This Otx-type homeobox gene is only expressed in two pairs of head neurons (Chang et al., 2003; Lanjuin et al., 2003), but its bilateral expression in ASEL and ASER still classifies the gene as a permissive factor required for ASEL cell fate. One potential model that may explain the cell-type specificity of ceh-36 proposes that ceh-36 activity in ASER is competed for by the ASER-inducing cog-1 gene, which is exclusively expressed in ASER (Chang et al., 2003).


This gene codes for a PHD/bromodomain protein that is required for the induction of the ASEL fate, as well as for the regulation of a variety of other cell fate decisions (Chamberlin and Thomas, 2000). We have previously shown that a complete loss of lin-49 function in lin-49 null mutant animals can be partially suppressed by lowering cog-1 gene activity (Chang et al., 2003). This effect would support a role of lin-49 upstream of cog-1. Consistent with this notion, lin-49 mutants display a failure of downregulation of cog-1 in ASEL in adult animals, a concomitant loss of lsy-6 expression in ASEL, and, as a likely consequence of ectopic cog-1 expression, a misregulation of the die-1 3′UTR (data not shown). These are phenotypes that closely resemble those observed in lsy-2 mutants, and it is conceivable that both proteins act together to regulate the expression of lsy-6 and other ASEL-inducing components of the feedback loop.


Of the above-mentioned cases, the case of unc-37 provides the clearest example for how a bilaterally expressed, permissively acting factor can confer cell-specific activity through physical association with cell-specific, instructive regulatory proteins. By analogy to this case, a good candidate to confer functional specificity to lsy-2 (and also lin-49, which acts in a genetically similar manner to lsy-2) is the ASEL-inducing zinc finger transcription factor die-1. Like lsy-2, die-1 is required for the expression of the miRNA lsy-6 (Chang et al., 2004). Genetically, the key difference between lsy-2 and die-1 is that die-1 is left/right asymmetrically expressed and can act instructively; that is, it can induce ASEL fate if it is misexpressed in ASER. A common architectural feature of several well-characterized cis-regulatory regions is the presence of binding sites for both cell-type specifically expressed factors and broadly expressed transcription factors, such as, for example, SP1 (to which LSY-2 is distantly related) (e.g. Falvo et al., 2000; Xiao et al., 1987). Broadly expressed transcription factors appear to be required for baseline promoter activity, and functionally synergize with factors that provide spatiotemporal specificity. A similar scenario may hold true for LSY-2, which may synergize with DIE-1 to efficiently activate lsy-6 expression. An ongoing analysis of the lsy-6 promoter may identify cis-regulatory elements that could be directly targeted by DIE-1 and LSY-2 proteins.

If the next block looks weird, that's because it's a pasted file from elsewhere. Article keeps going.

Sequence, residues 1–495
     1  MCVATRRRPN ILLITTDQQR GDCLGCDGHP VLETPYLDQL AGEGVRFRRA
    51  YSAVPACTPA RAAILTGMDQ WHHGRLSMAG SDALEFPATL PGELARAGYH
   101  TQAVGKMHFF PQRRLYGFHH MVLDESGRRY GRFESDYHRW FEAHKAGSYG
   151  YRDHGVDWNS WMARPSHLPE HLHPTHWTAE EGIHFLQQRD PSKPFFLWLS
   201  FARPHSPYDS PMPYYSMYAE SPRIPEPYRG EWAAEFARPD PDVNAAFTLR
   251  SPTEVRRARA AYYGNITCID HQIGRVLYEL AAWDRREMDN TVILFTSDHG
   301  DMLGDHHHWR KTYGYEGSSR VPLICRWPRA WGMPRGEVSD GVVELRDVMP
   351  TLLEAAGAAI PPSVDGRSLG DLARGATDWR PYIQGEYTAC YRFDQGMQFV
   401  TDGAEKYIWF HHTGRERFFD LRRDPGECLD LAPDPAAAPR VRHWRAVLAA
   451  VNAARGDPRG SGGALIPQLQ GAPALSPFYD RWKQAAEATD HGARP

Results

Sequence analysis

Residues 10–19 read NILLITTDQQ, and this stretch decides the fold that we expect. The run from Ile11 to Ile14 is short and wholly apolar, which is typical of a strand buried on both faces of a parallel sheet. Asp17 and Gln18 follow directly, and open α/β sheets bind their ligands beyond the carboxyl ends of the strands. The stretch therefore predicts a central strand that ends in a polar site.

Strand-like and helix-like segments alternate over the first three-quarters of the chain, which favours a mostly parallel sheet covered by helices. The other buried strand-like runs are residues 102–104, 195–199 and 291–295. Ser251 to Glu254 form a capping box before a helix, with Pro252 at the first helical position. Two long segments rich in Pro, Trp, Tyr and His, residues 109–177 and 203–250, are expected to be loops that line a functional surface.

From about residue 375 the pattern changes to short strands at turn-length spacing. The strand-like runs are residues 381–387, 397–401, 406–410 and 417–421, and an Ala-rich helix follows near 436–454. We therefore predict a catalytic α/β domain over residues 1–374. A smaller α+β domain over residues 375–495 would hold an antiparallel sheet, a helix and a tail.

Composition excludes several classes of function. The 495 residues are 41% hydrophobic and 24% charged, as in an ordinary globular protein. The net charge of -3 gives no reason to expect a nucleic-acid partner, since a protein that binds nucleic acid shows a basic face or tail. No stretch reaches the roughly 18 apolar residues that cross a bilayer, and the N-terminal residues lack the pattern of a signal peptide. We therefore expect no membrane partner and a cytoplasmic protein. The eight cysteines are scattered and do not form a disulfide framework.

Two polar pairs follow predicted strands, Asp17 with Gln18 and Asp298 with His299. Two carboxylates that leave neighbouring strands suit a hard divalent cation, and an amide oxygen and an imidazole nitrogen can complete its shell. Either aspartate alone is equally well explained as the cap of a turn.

The complexity of the ASEL versus ASER cell-fate decision

Factors that control the ASEL versus ASER cell fate decision and their regulatory interactions are summarized in Fig. 5D. Ongoing genetic analysis in our laboratory has uncovered even more factors that are involved in this cell fate decision. The gene regulatory network controlling the diversification of the ASE neurons therefore appears to be unusually complex at first sight. However, only if systematic and extensive genetic approaches similar to those that we have taken with the ASE neurons are applied to other neuronal fate decisions, can one assess whether such complexity in regulatory networks may be the rule or the exception.


We thank Q. Chen for expert technical assistance, Y. Kohara for providing EST clones, the Greenwald Laboratory for dsRNA clones, and members of the Hobert Laboratory for discussion and comments on the manuscript. This work was funded by an NSF pre-doctoral fellowship to R.J.J. and by NIH R01 NS050266-01 and NS39996-05 to O.H.


    • Accepted October 13, 2005.


View Abstract